Can a Denominational Office Be Held Liable for a Pastor’s Sexual Misconduct?

The answer depends on several factors.

Church Law & Tax Report

Can a Denominational Office Be Held Liable for a Pastor’s Sexual Misconduct?

The answer depends on several factors.

Key point 10-05.2. Some courts have found churches not liable on the basis of negligent selection for the sexual misconduct of a minister or other church worker involving another adult since the church exercised reasonable care in the selection of the worker.

Key point 10-10.2. Many courts have ruled that the First Amendment prevents churches from being legally responsible on the basis of negligent supervision for the sexual misconduct of ministers.

Key point 10-13.2. Several courts have refused to hold churches and denominational agencies liable on the basis of a breach of a fiduciary duty for the sexual misconduct of a minister. In some cases, this result is based on First Amendment considerations.

The Massachusetts Supreme Judicial Court ruled that a denominational agency was not liable on the basis of breach of a fiduciary duty, or negligent hiring or supervision, for a sexual relationship initiated by a pastor in the course of a counseling relationship with an adult member of his congregation. A married woman (the “plaintiff”) went to her pastor for counseling regarding concerns she had about a relative. During their initial counseling session the pastor indicated that he could “easily fall in love” with the plaintiff. The following day, the plaintiff began regular meetings with the pastor concerning her own marital problems. She left her husband a few weeks later and began a sexual relationship with the pastor. A few months later she filed for divorce.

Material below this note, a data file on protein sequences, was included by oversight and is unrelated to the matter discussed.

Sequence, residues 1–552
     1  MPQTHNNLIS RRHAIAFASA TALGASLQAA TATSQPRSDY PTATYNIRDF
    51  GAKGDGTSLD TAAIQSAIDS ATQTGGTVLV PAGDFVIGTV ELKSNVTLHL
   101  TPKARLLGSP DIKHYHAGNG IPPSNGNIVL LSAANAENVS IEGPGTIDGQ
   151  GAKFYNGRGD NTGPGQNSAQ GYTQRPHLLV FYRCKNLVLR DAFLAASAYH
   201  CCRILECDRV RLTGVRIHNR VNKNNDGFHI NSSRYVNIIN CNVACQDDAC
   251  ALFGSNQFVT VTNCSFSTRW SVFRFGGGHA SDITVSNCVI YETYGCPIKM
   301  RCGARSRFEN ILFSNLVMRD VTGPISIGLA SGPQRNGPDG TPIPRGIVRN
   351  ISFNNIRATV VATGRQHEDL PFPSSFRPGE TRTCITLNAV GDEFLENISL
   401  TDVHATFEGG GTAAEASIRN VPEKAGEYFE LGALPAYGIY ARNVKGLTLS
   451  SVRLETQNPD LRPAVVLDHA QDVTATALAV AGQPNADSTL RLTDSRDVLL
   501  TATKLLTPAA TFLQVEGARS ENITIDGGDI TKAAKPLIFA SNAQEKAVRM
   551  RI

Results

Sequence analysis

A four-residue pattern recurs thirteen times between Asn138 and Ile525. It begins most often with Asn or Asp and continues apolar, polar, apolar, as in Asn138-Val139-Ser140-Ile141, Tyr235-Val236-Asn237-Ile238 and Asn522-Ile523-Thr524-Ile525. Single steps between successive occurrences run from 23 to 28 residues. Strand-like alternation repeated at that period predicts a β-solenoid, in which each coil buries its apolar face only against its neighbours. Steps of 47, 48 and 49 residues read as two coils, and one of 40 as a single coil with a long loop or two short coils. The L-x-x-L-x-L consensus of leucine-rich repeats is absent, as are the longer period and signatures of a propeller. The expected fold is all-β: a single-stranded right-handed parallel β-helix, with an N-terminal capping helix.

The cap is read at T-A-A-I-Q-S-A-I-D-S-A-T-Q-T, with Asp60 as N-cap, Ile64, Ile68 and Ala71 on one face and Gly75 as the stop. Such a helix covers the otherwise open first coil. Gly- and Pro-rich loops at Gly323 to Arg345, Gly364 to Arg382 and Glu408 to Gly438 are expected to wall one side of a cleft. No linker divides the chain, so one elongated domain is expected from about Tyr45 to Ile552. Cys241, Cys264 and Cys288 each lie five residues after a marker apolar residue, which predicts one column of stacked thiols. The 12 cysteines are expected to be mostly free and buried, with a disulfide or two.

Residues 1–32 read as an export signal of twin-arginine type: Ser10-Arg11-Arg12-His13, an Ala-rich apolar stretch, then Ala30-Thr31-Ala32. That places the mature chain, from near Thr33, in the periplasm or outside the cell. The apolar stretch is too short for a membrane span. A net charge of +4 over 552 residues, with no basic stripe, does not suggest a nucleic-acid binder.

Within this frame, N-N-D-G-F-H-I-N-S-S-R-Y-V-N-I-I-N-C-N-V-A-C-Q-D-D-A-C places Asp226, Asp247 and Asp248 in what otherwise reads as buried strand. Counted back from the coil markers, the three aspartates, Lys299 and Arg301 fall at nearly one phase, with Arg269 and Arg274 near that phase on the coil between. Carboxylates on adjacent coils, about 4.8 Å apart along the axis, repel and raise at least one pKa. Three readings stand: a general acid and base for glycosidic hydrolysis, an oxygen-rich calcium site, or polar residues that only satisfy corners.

A church member informed the denominational office (the “regional church”) of her concern that the pastor was “getting involved with a woman in the parish.” The member stated that she wished to remain anonymous and that she did not want to identify the woman she suspected as involved with the pastor. She did not disclose that the pastor was counseling the unidentified woman. An officer of the regional church informed the member that he could not “respond to hearsay and rumors of suspicions from anonymous people,” noting that there was no suggestion “that anything illegal was occurring.” He asked the member to have someone with first-hand knowledge of any sexual relationship contact him. A few months later the member again contacted the regional church, and informed an officer that the pastor was inappropriately involved with an unidentified female parishioner, adding that “there were perhaps two or three other people that may be involved” who all insisted on anonymity. The officer again asked whether she could “get somebody to come forward,” emphasizing that she “bend every effort” to encourage an informant to come directly to him. Again, no one did so.